Tennis Revives 1970s Dream Pop at March 10 Ferndale Magic Bag Show

Tennis’ Alaina Moore performs at The Magic Bag in Ferndale.

This past Friday, I returned to the 1970s.

My visit was brief – about four and a half hours – but I traveled through the shimmering, dreamy soft rock tunes of Denver-based indie pop band Tennis.

Tennis created a 1970s sonic feel by featuring pre-show music from Hall & Oates, Minnie Riperton, Bob Welch and other artists from my favorite decade.

Led by wife and husband duo Alaina Moore and Patrick Riley, Tennis played a sold-out show to an energetic crowd of 400 at Ferndale, Mich.’s The Magic Bag, one of my favorite music venues in southeast Michigan.

In a sense, Friday’s show also served as an informal release party for Tennis’ fourth album, “Yours Unconditionally,” which dropped that day and features a 1970s-inspired pop sound. The album’s cover includes a faded close-up shot of the duo that’s reminiscent of 1970s era vinyl album covers.

During the show, Moore and Riley played six new tracks from “Yours Unconditionally,” including “In The Morning I’ll Be Better,” “Fields of Blue,” “Ladies Don’t Play Guitar,” “Matrimony,” “My Emotions Are Blinding” and “Modern Woman.”

Tennis’ Patrick Riley

According to a March 5 NPR Music interview, the duo wrote the album’s 10 tracks while sailing from “San Diego into the Sea of Cortez on Mexico’s coast – sleeping in shifts, with almost no cell service or contact with anyone on shore.” Moore and Riley followed a similar songwriting approach with “Cape Dory,” their 2011 debut.

While the duo may prefer to write songs in isolation, they enjoyed a second Ferndale warm welcome before a cheering crowd. Moore said the band insisted on returning to Ferndale after playing their first Detroit area show in May 2015 at The Loving Touch.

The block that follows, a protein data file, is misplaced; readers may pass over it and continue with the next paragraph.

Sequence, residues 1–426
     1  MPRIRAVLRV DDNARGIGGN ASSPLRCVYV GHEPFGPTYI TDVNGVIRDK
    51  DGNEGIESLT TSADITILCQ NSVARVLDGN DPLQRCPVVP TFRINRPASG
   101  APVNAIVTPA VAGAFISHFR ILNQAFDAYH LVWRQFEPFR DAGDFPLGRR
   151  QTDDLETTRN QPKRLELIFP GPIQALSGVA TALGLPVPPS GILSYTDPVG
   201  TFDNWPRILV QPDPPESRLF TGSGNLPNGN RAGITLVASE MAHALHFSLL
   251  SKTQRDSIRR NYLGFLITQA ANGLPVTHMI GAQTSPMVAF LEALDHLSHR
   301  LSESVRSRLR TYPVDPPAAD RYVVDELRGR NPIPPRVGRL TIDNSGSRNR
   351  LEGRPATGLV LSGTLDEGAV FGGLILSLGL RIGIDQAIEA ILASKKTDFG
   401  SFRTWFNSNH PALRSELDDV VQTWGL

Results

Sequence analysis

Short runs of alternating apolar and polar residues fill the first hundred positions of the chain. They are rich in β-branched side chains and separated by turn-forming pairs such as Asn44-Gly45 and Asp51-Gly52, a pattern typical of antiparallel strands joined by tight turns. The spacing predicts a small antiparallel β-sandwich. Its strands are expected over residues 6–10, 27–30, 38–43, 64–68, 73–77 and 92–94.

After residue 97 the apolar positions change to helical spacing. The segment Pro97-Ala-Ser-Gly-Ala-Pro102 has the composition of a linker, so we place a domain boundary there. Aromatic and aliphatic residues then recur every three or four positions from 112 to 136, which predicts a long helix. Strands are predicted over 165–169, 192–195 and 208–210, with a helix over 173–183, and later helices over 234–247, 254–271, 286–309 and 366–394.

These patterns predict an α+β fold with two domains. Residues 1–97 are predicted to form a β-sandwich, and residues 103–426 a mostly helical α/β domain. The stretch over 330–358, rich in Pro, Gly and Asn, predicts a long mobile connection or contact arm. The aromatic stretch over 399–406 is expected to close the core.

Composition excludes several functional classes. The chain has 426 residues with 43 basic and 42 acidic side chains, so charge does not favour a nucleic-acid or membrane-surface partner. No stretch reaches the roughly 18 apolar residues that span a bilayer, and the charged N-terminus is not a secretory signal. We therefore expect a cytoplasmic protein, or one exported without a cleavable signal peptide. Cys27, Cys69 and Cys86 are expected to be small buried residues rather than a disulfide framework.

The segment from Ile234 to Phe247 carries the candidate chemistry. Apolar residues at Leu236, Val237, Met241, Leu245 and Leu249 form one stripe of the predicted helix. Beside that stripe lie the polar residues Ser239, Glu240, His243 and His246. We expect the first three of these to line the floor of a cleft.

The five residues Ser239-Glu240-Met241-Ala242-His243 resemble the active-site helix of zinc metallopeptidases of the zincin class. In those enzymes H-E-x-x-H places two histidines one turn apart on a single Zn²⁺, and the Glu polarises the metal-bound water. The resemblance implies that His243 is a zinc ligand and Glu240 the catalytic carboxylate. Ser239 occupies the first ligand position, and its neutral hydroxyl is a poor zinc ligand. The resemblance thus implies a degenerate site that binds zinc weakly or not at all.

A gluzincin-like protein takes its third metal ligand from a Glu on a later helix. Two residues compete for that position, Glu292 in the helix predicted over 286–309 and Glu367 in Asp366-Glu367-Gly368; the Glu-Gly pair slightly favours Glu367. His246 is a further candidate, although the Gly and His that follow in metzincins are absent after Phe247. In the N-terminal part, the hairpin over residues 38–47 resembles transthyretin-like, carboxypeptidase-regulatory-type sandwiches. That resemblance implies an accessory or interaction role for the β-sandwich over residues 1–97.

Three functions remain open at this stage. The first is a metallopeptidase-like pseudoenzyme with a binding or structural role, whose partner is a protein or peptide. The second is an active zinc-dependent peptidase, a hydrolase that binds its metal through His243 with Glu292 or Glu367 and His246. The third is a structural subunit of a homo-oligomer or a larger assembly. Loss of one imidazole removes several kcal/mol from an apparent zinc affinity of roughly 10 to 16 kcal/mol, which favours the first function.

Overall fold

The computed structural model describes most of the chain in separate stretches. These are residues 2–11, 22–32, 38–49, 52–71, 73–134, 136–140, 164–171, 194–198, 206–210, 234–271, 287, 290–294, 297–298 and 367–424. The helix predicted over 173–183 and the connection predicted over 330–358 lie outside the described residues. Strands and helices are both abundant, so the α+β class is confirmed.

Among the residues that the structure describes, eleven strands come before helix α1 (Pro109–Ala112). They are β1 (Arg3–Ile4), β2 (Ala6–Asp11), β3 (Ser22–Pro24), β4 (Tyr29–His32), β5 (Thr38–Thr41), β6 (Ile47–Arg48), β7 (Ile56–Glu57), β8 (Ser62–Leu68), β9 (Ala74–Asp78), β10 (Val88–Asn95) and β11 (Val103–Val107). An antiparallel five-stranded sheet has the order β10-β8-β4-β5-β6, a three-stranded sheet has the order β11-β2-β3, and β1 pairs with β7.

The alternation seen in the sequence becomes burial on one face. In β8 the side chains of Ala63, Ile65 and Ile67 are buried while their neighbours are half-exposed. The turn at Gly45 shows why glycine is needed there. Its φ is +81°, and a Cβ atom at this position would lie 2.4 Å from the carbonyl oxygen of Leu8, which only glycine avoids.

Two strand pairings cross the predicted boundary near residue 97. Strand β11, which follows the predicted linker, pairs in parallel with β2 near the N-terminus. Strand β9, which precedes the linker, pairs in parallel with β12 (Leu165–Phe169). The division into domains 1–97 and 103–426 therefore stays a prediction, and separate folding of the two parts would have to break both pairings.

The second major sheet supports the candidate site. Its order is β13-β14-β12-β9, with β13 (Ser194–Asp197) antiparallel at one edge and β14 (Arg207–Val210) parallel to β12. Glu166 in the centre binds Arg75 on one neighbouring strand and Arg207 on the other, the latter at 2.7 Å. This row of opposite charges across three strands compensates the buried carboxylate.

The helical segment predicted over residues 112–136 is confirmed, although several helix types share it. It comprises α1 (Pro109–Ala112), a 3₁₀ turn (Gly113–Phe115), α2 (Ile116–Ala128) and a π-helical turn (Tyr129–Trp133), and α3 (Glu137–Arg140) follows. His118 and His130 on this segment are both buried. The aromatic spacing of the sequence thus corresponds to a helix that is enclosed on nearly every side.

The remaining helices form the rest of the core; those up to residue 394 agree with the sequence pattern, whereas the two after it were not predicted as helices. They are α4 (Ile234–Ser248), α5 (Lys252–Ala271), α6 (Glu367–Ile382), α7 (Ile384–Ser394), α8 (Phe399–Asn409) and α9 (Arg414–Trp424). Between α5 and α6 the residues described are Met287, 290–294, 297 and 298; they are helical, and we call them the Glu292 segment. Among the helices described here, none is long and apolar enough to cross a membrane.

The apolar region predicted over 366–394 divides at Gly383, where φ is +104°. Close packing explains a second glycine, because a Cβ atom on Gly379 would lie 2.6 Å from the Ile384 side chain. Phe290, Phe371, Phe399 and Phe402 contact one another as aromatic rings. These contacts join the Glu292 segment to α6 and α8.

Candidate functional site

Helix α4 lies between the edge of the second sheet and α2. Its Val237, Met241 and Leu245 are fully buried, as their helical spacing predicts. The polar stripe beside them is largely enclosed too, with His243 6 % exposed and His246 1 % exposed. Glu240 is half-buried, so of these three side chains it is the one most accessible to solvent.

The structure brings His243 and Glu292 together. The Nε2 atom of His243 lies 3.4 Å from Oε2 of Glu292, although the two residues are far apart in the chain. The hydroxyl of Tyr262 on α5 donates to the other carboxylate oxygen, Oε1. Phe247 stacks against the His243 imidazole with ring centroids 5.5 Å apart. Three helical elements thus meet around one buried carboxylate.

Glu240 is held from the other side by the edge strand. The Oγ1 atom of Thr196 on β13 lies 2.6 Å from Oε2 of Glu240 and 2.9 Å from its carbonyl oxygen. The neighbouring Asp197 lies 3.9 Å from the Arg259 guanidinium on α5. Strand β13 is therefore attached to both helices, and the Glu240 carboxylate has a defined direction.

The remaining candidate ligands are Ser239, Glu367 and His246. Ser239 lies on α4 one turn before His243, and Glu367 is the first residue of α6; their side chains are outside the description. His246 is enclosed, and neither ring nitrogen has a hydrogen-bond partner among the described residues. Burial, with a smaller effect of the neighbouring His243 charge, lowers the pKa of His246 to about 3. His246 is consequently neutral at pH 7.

“We’ll never skip Ferndale or Detroit again,” she said.

The crowd responded with enthusiastic cheers as Tennis delved into other classic tracks from their catalog ranging from “Never Work for Free” to “Origins” to “I’m Callin’.”

Moore dazzled fans with her soothing voice, while Riley’s guitar style reminded me of a cross between The Black Keys’ Dan Auerbach and Welch.

He grooved back and forth in his own musical world while attendees soaked up every moment of the band’s sun-drenched melodies and memorable lyrics about love and relationships.

During the encore, Moore described Ferndale’s overwhelming positive reception as an “out of body experience” and thanked the crowd for another memorable night.

The band closed the show with Moore and Riley playing “Bad Girls” from the 2014 album, “Ritual in Repeat.”

Overcoats’ Hana Elion and JJ Mitchell open for Tennis at The Magic Bag.

Another show highlight included opener Overcoats, a female soul-folk duo comprised of New Yorkers Hana Elion and JJ Mitchell. Dressed in long sleeve white T-shirts and white pants, Overcoats quietly entered the stage and faced the crowd without uttering sound.

They opened their show with an interpretive style dance and featured lush harmonies backed by catchy electronic beats. Instantly, I was impressed with how well their voices melded together and how quickly they connected with the crowd.

My favorite track included the funky “Leave the Light On,” one of the 12 tracks from Overcoats’ debut album, “Young,” which comes out April 21.

After their set, I stopped by the merch table to talk with Elion and told her I enjoyed Overcoats’ energy on stage. It’s not often I see an emerging artist that instantly commands a crowd’s attention.

I also preordered “Young” and used the band’s Polaroid camera to take a photo of Elion and Mitchell with two fans. I laughed when one of the young fans didn’t realize she had to turn the Polaroid photo over and shake it to see it self-develop.

“Isn’t that from a song?” Mitchell asked.

Yes, “shake it like a Polaroid picture,” is a lyric from OutKast’s 2003 hit, “Hey Ya!”

I left the show that night inspired to pull out my 1970s Hall & Oates and Welch albums from my vinyl IKEA shelf at home.

I also feel the sudden urge to get a Polaroid camera now.

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